To end animal farming, we need to act together through the government. How can we win over the public to support these actions?
It all started with a puzzle…
A large number of people say they support animal freedom…
A series of surveys in the last decade caught our attention. In these surveys, a surprisingly high number of Americans agreed with strong animal rights positions such as “all animals should have the same rights as humans” (32%) and “slaughterhouses should be shut down.” (47%)
But not at the cost of personal choice.
98% of the same people agreed that “Whether to eat meat or be vegetarian is a personal choice, and nobody has the right to tell me which one they think I should do.” And, of course, nearly all of them are making the “personal choice” to keep eating animals.
What if the difference was about framing?
It turns out there’s a whole field of research dedicated to explaining discrepancies like this, which exist in polling about all sorts of different issues. The key concept is framing.
Framing refers to patterns in the words we use to talk about an issue. Specifically, different frames draw our attention to different pieces of information, while leaving others out.
Frames exist as observable neural structures in our brains, but they typically present as metaphors and narratives that we use to make sense of the world. Most of the frames we look through day to day have been with us since childhood.
We undertook a series of studies to uncover the frames behind latent public support for animal freedom.
Review the research on framing
Review existing research on public opinion of farming animals
Analyze narratives currently in use by advocates, industry, and news media
Interview ordinary meat eaters to deeply probe their values
Develop and test new messages in focus groups
There's lots of research comparing messages about animals, health, and the environment. This study is different.
When animal advocates think about messaging strategies, we tend to focus on the different ways that farming animals causes harm. But framing can refer to more subtle differences. There’s more than one way to talk about any of these issues.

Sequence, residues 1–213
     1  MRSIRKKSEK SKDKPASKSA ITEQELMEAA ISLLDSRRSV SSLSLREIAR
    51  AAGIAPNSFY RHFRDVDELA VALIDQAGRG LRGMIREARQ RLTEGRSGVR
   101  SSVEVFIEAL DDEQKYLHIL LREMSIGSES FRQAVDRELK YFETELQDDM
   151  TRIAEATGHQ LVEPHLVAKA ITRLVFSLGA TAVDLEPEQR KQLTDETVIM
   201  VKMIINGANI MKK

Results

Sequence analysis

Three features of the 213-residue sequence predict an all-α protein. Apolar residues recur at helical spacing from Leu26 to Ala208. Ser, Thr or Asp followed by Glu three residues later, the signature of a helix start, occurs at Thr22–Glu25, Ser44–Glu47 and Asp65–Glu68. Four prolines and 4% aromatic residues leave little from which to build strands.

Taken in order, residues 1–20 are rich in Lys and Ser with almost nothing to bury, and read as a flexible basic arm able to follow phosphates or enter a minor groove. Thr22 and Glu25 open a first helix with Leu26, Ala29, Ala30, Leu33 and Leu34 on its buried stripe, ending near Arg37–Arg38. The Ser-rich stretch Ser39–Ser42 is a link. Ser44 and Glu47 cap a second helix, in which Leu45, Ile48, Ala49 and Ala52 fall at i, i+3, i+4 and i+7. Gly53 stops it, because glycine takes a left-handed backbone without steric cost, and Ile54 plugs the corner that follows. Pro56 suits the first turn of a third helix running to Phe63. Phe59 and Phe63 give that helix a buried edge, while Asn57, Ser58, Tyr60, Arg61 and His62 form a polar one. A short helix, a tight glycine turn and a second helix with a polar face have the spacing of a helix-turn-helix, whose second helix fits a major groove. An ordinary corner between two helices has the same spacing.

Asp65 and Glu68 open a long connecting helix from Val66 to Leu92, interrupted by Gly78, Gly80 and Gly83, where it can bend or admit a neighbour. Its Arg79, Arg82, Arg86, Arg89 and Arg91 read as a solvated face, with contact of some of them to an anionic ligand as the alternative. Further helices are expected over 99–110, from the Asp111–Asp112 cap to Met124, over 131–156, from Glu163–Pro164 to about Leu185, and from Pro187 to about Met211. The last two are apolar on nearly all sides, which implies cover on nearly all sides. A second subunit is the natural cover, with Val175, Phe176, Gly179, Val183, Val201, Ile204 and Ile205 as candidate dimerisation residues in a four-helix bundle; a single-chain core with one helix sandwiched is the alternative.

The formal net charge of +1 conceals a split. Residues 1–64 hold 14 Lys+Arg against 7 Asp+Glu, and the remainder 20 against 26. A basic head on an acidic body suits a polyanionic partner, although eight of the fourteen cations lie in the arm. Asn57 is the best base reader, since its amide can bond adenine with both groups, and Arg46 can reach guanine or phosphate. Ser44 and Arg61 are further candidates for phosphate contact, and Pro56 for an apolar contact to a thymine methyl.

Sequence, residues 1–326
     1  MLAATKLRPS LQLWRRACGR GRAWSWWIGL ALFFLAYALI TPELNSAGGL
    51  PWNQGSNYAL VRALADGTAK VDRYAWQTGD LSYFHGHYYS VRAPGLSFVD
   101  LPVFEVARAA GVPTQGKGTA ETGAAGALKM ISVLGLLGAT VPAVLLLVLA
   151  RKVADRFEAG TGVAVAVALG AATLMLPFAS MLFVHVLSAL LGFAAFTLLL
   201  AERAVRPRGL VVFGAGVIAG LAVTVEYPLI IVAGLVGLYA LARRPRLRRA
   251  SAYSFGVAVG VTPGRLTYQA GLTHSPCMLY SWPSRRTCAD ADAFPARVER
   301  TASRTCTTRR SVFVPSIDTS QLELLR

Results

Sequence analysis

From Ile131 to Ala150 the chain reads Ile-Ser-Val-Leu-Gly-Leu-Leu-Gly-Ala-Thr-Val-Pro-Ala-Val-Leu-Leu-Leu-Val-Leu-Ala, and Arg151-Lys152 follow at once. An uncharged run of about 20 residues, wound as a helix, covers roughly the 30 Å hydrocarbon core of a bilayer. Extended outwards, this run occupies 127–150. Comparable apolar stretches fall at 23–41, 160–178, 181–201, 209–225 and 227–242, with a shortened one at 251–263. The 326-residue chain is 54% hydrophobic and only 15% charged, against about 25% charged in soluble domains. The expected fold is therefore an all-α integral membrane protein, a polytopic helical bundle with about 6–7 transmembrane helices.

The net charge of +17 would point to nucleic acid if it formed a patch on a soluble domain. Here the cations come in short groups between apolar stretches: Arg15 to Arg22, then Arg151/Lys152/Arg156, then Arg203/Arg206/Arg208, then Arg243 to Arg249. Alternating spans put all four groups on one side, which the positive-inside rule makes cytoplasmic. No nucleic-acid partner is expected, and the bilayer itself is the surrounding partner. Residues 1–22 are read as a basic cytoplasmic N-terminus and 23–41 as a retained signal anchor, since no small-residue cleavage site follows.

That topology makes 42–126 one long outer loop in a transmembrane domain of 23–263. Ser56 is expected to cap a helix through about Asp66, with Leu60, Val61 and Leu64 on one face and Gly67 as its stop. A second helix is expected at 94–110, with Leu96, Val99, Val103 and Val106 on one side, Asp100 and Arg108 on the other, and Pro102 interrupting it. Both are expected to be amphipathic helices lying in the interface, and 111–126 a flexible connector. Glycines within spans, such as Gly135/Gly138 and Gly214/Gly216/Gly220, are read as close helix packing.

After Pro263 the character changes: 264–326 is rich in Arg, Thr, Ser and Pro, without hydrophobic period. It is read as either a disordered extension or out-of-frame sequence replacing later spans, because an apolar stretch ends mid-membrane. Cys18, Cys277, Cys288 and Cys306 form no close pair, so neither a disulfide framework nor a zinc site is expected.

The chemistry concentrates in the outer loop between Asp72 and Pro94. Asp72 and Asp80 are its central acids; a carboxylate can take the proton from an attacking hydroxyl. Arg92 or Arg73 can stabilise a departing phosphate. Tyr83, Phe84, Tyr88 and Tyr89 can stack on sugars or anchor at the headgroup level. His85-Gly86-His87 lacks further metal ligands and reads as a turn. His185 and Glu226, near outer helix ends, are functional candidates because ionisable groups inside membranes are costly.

For example, compare these ads:
This is happenning
Eating animals kills more animals than you think
Eat for Planet
1600 trees yo
All of these ads link meat to deforestation. But they have important differences.
The first shares lots of facts. The next two strongly emphasize the responsibility of individual consumers. The last pair each try to visualize the impact of the industry, while still nodding to consumer change.
It turns out that subtle distinctions like this may hold the key to communicating with the public.
So here’s the problem:
The public knows meat is harmful, and they’re buying it anyways.
Most of the people we interviewed were surprisingly quick to let us know how conflicted they are about eating slaughtered meat. Many had seen slaughter footage and almost all are aware of the ethical issues. In fact, they admit that they actively “try not to think about it” when buying meat.
And here's what we need to do differently
Animal advocates are not adequately addressing the public's rationalizations, and it makes us seem out of touch.
Animal advocates tend to dismiss these concerns. After all, they didn’t stop us from changing. But in our interviews, we found that issues like this truly are important reasons people keep eating animals.
The most persistent excuse people have to ignore us is futility, and it’s closely tied to the consumer frame.
When thinking only about their role as consumers, people can’t imagine a change as big as leaving behind animal farming. They feel powerless and don’t see how their purchase at the grocery store makes any difference, especially since none of the people around them show any signs of changing.
With futility as their excuse, people bury their misgivings about meat and stick with business as usual.
When experiencing dissonance, people fell back on familiar rationalizations like culture, tradition, and naturalness
The most common ones we heard sounded like this:
Meat is a vital part of many important cultural traditions that wouldn’t be the same without it. Preserving these outweighs other moral considerations.
Humans evolved to eat meat and should continue to do so in order to respect the balance of nature, the food chain, and the circle of life.
Meat is an affordable source of nutrition, while meat-free diets are an expensive luxury.
Meat simply tastes too good to give up.
Everyone should make their own choice without pressure from others.
It doesn’t matter whether I stop eating meat because everyone else will keep doing it.
In order to win over the public, we must replace the consumer frame, address common rationalizations, and lay out a credible path to a future without slaughterhouses.